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The great GP surgery takeover: US giant seizes four practices in Camden

Changes are cloaked in secrecy with no public debate – and no say for patients

18 February, 2021 — By Tom Foot

The King’s Cross Road Surgery

ONE of the biggest health insurance firms in the United States has seized control of a raft of GP surgeries – including four in Camden.

NHS-funded contracts at the King’s Cross Surgery, Brunswick Medical Centre, Somers Town Medical Centre and the Camden Health Improvement Practice for homeless patients, are now in the hands of a subsidiary of the Centene Corporation.

The takeover – which anti-privatisation ­campaigners say has been largely cloaked in secrecy and approved without any option for a public debate – also includes a contract for Camden’s “extended hours” GP service.

The “change in control” affects 370,000 patients across London, with the new private partnership considering itself to now be “the leading provider of NHS primary care services in the UK”.

Peter Roderick, an NHS campaigner who lives in Camden Town, said he had been “raging” since discovering the transfer had been authorised last week.

He said: “The NHS operates as a public organisation and is not interested in making ­profits or having a private commercial interest. If you have companies running these surgeries, they will do what they can to reduce their costs. They have no place in the NHS.”

When asked what difference the US firm could make for current patients, Mr Roderick added: “Sometime down the line they will see what it will lead to. This is all part of a slow process of dismantling the NHS as it was originally founded. It is moving further toward the whole idea that the market, rather than a public service, is the only way of bringing improvements.”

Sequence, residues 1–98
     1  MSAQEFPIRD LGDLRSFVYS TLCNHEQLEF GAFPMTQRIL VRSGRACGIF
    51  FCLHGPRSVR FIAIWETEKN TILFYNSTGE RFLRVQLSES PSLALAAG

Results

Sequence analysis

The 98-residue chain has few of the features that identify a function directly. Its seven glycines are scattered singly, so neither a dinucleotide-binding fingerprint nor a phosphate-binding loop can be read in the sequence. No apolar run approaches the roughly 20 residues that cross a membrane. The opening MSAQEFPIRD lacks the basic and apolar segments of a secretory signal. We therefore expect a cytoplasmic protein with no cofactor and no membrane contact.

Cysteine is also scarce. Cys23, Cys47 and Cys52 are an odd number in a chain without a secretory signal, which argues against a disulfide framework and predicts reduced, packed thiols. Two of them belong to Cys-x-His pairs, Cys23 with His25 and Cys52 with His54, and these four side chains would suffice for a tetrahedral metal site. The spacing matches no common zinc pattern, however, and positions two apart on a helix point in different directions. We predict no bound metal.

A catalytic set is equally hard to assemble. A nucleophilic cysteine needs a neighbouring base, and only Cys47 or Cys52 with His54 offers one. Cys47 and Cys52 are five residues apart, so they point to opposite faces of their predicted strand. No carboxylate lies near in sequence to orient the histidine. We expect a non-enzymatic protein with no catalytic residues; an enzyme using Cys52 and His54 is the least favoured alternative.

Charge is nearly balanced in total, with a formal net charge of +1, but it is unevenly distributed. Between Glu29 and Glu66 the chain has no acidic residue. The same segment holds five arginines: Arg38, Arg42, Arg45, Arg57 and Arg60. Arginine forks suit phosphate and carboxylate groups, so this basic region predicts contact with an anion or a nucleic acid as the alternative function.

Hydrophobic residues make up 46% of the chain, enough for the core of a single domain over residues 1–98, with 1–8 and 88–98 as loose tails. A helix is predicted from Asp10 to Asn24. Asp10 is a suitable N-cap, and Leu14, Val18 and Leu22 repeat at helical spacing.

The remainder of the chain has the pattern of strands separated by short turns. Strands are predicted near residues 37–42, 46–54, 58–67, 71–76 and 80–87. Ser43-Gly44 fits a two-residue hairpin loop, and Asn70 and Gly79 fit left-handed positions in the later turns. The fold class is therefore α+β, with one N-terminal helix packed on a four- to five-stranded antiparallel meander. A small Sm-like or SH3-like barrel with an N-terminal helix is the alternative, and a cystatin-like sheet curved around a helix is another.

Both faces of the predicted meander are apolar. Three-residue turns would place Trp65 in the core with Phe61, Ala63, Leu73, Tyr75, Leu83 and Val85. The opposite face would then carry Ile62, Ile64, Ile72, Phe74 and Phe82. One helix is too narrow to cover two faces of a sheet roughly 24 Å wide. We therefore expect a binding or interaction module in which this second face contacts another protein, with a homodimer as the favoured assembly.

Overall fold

The surgeries’ transfer comes at a time when public confidence in the NHS is sky high following the successful rollout of the Covid vaccine, compared with criticism of private companies such as Serco’s handling of “test and trace”.

The practices in Camden were already run by the company, AT Medics, which has for several years been expanding its portfolio of GP surgeries in the borough. Last autumn, 75 per cent of its shares were transferred to a new company called AT Medics LLP, a limited liability partnership.

“When AT Medics became a subsidiary of the LLP, they were then able to pass on the shares to the subsidiaries of Centene,” said Mr Roderick.

Mr Roderick is an expert on the field who co-authored the NHS Reinstatement Bill, which was backed by Labour during Jeremy Corbyn’s leadership of the party.

Companies House ­documents show how AT Medics has merged with Operose Health Ltd, which is a subsidiary of MH Holdings International, and in turn is owned by parent company Centene Corporation. Centene Corp – the 42nd richest corporation in the US – recently announced plans to slash 3,000 jobs in the US.